“Eli, eli, lema sabachthani.” These are, perhaps, the most haunting words in the entire Sacred Scriptures. Jesus Christ, God made man, hangs upon the Cross and cries out from amidst His torture, “My God, my God, why have you forsaken me?” These words have vexed theologians and believers for centuries. Why does the Son of God cry out, “My God, my God, why have you forsaken me?”
The answer to this question goes to the heart of why we commemorate the Lord’s Passion today. Christ’s suffering was not limited to the physical horrors of the Passion: blood seeping from wounds all over His body, ripped open by the stripping of His garments, the crown of thorns still pressing into His head, death by suffocation as He gasped for breath. Christ was fully God, but He was also fully man. “The glory of God,” St. Irenaeus tell us, “is a living man,” and so He experienced, in His human nature, not only the physical suffering of the Crucifixion, but also the human feelings of abandonment and isolation. Christ took on these sufferings too because He desired not only to redeem physical, bodily suffering, but because He wanted to redeem all the pain and suffering that we carry not only in our bodies, but also in our souls.
“Why were these words used,” St. Augustine asks, “if not because we were present there, because the Church is Christ’s Body?” From the Cross, Christ, our God and Savior, saw fit to express the longings and fears of our own hearts: “My God, my God, why have you forsaken me?” We, the great doctor of the Church asserts, were present there. The Church, the Body of Christ, – you and I and everyone who will ever by God’s child through Baptism – was there and suffered with the One Christ on the Cross, so that we, today, across time and space, might also be redeemed.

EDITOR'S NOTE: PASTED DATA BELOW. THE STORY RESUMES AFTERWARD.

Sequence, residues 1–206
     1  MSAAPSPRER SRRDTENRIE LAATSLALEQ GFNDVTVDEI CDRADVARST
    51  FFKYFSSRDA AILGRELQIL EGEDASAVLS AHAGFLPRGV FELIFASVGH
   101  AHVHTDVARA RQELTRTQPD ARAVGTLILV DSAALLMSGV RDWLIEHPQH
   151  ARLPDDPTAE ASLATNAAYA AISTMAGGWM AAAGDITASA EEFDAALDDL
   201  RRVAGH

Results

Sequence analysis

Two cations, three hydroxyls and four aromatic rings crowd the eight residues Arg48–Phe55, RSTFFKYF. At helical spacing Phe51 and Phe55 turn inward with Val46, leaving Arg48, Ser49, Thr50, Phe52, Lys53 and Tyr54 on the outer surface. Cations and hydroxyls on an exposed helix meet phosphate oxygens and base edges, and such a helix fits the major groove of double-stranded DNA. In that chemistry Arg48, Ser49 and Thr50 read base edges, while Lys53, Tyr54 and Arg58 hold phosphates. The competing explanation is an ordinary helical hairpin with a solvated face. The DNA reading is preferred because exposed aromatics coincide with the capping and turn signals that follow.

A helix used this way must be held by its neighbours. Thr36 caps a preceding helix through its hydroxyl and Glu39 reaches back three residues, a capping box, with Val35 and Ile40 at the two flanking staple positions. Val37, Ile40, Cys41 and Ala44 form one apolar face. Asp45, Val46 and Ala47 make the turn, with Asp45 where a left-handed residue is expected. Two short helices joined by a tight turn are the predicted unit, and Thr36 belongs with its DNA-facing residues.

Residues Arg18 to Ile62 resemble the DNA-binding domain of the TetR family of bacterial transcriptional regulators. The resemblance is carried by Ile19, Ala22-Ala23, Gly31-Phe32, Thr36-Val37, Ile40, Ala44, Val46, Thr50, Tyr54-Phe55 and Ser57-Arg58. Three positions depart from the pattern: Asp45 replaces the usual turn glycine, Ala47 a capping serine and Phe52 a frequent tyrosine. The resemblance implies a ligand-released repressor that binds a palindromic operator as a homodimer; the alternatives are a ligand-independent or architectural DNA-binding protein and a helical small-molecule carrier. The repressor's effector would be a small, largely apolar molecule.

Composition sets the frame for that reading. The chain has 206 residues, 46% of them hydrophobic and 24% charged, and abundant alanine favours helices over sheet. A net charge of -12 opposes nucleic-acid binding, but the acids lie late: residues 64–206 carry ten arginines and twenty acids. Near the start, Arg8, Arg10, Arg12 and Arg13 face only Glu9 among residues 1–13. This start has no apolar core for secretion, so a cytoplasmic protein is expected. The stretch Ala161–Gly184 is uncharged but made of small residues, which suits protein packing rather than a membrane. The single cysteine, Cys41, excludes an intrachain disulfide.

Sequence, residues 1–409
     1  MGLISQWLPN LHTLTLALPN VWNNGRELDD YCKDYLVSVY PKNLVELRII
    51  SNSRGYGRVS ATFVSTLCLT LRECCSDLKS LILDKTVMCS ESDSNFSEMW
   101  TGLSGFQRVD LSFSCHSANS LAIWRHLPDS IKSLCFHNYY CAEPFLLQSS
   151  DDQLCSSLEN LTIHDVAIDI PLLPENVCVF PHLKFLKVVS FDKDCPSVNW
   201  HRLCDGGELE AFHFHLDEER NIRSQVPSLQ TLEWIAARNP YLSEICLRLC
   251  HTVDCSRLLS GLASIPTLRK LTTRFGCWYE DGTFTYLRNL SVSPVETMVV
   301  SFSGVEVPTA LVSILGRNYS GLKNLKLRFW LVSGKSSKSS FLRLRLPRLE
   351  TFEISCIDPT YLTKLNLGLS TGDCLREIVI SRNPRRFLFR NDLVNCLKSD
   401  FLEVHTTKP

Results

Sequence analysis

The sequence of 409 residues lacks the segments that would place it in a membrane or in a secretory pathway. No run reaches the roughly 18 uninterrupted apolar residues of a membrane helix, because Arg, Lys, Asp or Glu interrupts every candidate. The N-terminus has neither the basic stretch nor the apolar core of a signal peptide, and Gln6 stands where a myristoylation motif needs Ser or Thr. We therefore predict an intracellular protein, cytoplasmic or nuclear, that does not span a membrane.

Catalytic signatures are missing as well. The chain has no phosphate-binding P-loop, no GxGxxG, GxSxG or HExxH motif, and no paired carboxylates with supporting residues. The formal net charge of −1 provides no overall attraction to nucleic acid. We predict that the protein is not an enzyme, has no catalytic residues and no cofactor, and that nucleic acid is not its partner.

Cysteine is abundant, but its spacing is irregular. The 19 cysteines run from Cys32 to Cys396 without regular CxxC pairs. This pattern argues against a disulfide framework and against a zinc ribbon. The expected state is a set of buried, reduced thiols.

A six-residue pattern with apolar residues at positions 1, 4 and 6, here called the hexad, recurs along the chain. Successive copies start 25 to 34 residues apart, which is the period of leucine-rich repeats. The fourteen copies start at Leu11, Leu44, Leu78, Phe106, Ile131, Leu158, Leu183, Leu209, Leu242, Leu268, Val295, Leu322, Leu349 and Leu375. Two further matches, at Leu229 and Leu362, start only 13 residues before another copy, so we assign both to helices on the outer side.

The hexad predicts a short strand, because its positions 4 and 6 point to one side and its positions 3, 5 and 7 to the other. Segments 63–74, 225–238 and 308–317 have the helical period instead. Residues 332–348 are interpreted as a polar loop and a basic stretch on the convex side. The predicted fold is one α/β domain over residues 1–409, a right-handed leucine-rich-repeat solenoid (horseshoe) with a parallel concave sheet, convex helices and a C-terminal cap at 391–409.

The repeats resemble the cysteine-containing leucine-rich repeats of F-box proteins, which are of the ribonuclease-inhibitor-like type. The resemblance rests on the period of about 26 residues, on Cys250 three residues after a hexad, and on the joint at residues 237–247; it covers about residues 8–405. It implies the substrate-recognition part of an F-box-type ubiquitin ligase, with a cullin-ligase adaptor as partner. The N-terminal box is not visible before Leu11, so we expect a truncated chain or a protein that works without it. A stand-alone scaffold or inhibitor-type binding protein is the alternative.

“For our sake,” St. Paul tells us, “[God] made him to be sin who knew no sin, so that in him we might become the righteousness of God” (2 Cor 5:21). Do not empty Christ’s Cross of its meaning. If we do not become the righteousness of God, if we do not allow the Lord to transform us by the merits of this His Passion, then why was He made sin for us?
This, my brothers and sisters in Christ, this is why our Lord cried out from the Cross, this is why He desired to take on such gruesome pain and agony: because in the wisdom of God, to suffer is to triumph, and to be crucified is to reign victorious.
The Rev. Royce V. Gregerson
Parish Church of St. Charles Borromeo
Palm Sunday, A.D. MMXVII (9:00 a.m.)